Amgen ended weeks of speculation in biopharma circles yesterday when it said it plans to acquire Onyx Pharmaceuticals for $10.4 billion. The deal strengthens Amgen’s cancer holdings by adding to them Onyx’ multiple myeloma drug Kyprolis® (carfilzomib) and two other drugs for oncology indications also on the market, while boosting Amgen’s pipeline with several other clinical-stage cancer compounds.

The boards of both Amgen and Onyx have approved the deal, which is still subject to customary closing conditions, including clearance by regulatory agencies. Amgen said in a statement it “expects to close [the acquisition] at the beginning of the fourth quarter.”

“We believe that Amgen is ideally suited to realize the full potential of Onyx’ portfolio and pipeline for the benefit of physicians and patients,” Robert A. Bradway, Amgen’s chairman and CEO, said in the statement. “We expect this acquisition will accelerate growth and enhance value for Amgen shareholders.”

Bradway added: “Amgen has a unique opportunity to add value to Kyprolis, a product which is at an early and promising stage of its launch.”

Onyx holds global rights excluding Japan to Kyprolis for Injection, which is already approved in the U.S. There, Kyprolis has an orphan drug designation with exclusivity until July 2019, as well as patents that extend until at least 2025.

Onyx has clinical trials under way in support of an expected European Union filing in 2014. Amgen’s effort to gain access to data from those trials was reported to have been a sticking point holding up an agreement between the companies—a sticking point resolved days ago when Onyx finally granted such access to Amgen and other potential bidders for the company, Reuters reported last week, citing unnamed sources.

Kyprolis is projected to generate more than $3 billion a year by 2021, according to analyst estimates compiled by Bloomberg.

In addition, Onyx has the following cancer drugs developed with partners, two of which are already being marketed:

  • Nexavar® (sorafenib) tablets, approved in more than 100 countries for patients with hepatocellular carcinoma and advanced renal cell carcinoma. Nexavar is an oral kinase inhibitor of Onyx and Bayer HealthCare Pharmaceuticals, and is co-developed by the companies except in Japan where Bayer manages all development. The companies co-promote Nexavar in the U.S. Outside of the U.S., Bayer has exclusive marketing rights, and Bayer and Onyx share profits globally, excluding Japan.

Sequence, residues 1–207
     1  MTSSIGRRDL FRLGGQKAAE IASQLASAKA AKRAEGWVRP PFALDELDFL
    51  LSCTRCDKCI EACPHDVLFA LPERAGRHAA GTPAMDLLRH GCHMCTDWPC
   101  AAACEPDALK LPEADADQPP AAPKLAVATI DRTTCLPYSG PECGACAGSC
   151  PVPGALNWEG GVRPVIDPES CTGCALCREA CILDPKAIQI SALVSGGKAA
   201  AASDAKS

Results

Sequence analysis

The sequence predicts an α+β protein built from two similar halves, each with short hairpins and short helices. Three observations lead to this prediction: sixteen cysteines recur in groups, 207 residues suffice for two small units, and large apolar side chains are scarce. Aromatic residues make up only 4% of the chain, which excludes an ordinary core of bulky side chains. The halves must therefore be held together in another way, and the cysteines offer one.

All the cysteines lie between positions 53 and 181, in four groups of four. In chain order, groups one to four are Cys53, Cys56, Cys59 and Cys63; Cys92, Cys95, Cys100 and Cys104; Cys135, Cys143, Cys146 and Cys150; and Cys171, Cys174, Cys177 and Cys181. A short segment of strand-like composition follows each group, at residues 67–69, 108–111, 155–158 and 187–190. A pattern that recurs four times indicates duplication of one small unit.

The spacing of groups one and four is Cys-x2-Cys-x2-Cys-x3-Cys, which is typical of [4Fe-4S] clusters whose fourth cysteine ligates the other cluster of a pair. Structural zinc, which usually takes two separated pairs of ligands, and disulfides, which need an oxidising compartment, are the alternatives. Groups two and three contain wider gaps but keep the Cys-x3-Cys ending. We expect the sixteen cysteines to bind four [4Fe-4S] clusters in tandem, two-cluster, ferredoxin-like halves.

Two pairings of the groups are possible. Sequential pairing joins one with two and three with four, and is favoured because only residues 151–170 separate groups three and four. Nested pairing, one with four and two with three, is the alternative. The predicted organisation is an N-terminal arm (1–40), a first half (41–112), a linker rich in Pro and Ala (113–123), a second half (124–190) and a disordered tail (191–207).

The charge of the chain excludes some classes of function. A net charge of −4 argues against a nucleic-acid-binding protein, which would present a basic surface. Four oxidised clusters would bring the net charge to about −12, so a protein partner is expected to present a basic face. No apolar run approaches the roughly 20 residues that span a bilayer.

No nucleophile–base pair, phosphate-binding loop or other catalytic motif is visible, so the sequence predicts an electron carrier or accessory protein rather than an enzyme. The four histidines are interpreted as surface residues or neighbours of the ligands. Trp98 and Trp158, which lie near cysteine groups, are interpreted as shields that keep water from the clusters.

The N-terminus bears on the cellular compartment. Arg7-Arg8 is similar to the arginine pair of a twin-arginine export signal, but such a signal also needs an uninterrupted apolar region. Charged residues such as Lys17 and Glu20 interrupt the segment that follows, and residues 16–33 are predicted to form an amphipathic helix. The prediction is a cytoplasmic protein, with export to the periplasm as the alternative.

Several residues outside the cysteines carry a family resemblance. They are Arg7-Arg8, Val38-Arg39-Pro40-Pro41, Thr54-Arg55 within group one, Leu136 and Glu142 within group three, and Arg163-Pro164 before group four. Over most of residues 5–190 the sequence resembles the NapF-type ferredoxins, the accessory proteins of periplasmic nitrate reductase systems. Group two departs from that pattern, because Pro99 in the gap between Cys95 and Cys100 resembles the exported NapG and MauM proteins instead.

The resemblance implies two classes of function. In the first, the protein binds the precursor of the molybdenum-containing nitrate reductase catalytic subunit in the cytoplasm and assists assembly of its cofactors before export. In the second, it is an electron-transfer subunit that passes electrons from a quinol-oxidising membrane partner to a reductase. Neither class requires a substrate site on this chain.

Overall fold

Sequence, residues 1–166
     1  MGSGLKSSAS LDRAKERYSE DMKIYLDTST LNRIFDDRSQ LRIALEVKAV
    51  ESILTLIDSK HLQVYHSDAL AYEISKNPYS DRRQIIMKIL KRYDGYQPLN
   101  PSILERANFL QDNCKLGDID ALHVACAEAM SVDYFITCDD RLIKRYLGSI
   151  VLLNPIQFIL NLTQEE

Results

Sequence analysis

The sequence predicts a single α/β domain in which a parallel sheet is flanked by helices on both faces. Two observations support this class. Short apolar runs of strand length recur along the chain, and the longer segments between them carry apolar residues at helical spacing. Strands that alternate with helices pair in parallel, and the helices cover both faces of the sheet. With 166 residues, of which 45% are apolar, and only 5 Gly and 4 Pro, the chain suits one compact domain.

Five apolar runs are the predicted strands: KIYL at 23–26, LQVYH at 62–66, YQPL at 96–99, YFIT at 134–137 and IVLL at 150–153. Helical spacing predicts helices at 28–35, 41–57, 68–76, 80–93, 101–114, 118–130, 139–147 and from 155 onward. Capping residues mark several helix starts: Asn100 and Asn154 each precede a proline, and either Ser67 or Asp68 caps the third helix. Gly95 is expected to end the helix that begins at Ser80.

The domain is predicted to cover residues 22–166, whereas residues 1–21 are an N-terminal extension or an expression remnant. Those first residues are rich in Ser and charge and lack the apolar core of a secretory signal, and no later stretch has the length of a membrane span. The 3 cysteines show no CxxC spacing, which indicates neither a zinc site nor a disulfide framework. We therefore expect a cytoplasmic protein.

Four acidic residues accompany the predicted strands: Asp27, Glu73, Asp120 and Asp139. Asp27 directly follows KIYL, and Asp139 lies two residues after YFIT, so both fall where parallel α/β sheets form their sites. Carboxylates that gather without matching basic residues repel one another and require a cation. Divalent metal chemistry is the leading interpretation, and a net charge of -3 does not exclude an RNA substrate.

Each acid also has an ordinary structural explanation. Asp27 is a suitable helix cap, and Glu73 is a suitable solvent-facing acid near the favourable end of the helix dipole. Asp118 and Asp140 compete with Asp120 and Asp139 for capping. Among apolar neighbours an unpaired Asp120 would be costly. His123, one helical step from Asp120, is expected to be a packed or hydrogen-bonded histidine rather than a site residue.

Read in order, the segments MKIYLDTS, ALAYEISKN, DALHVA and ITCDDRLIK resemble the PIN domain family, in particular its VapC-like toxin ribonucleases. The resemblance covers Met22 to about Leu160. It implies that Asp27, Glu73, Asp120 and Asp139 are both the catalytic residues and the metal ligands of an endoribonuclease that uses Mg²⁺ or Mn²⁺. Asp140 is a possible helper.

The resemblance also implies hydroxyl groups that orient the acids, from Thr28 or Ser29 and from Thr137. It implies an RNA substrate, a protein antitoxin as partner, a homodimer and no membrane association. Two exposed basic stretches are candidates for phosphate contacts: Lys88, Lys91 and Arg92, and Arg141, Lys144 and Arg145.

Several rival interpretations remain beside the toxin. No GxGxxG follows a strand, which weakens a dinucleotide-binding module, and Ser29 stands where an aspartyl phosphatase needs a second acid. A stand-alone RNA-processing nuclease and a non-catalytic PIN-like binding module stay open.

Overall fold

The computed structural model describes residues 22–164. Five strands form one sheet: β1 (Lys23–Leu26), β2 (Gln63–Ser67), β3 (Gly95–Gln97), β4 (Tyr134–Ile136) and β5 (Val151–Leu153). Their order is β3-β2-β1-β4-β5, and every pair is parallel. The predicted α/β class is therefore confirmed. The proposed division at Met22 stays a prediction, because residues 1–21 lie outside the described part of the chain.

• Stivarga® (regorafenib) tablets, indicated for metastatic colorectal cancer (CRC) patients previously treated with fluoropyrimidine-, oxaliplatin- and irinotecan-based chemotherapy, an anti-VEGF therapy, and, if KRAS wild type, an anti-EGFR therapy; as well as for locally advanced, unresectable or metastatic gastrointestinal stromal tumor (GIST) previously treated with imatinib mesylate and sunitinib malate. Stivarga was developed by Bayer and is jointly promoted by Bayer and Onyx in the U.S. Onyx receives a 20% royalty on all global net sales of Stivarga in oncology.

Onyx also has multiple oncology compounds in various stages of clinical development, including the Phase III oral, small molecule cyclin-dependent kinase 4/6 inhibitor Palbociclib (PD-0332991), a compound being developed by Pfizer. Earlier this year it won FDA’s breakthtrough therapy designation based on preliminary Phase II data showing improvement in median progression-free survival in combination therapy. Onyx will receive an 8% royalty on future worldwide sales of palbociclib.

At $125 a share, Amgen’s acquisition represents a 44% premium on the $86.84 closing price of Onyx shares on June 28, the last full trading day before speculation surfaced about Amgen’s interest in snapping up the Kyprolis developer. Amgen offered $120 per share for Onyx in June, but Onyx rejected that offer as significantly undervaluing the company and instead solicited bids from multiple would-be buyers.

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